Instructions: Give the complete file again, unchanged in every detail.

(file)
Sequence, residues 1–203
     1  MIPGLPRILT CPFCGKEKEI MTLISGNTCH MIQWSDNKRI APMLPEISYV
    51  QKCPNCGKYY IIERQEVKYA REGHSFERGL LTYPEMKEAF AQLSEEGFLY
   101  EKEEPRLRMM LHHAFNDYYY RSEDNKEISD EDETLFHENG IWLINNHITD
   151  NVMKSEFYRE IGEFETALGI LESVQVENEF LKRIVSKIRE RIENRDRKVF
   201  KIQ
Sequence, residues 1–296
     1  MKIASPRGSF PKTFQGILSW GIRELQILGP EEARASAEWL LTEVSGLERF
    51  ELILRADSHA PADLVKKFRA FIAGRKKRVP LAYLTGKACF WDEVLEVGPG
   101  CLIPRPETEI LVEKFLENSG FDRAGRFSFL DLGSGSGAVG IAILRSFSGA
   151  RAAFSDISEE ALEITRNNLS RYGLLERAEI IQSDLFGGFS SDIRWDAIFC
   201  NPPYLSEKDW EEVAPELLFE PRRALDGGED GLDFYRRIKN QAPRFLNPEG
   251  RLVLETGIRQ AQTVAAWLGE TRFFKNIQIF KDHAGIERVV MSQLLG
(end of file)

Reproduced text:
Sequence, residues 1–203
     1  MIPGLPRILT CPFCGKEKEI MTLISGNTCH MIQWSDNKRI APMLPEISYV
    51  QKCPNCGKYY IIERQEVKYA REGHSFERGL LTYPEMKEAF AQLSEEGFLY
   101  EKEEPRLRMM LHHAFNDYYY RSEDNKEISD EDETLFHENG IWLINNHITD
   151  NVMKSEFYRE IGEFETALGI LESVQVENEF LKRIVSKIRE RIENRDRKVF
   201  KIQ
Sequence, residues 1–296
     1  MKIASPRGSF PKTFQGILSW GIRELQILGP EEARASAEWL LTEVSGLERF
    51  ELILRADSHA PADLVKKFRA FIAGRKKRVP LAYLTGKACF WDEVLEVGPG
   101  CLIPRPETEI LVEKFLENSG FDRAGRFSFL DLGSGSGAVG IAILRSFSGA
   151  RAAFSDISEE ALEITRNNLS RYGLLERAEI IQSDLFGGFS SDIRWDAIFC
   201  NPPYLSEKDW EEVAPELLFE PRRALDGGED GLDFYRRIKN QAPRFLNPEG
   251  RLVLETGIRQ AQTVAAWLGE TRFFKNIQIF KDHAGIERVV MSQLLG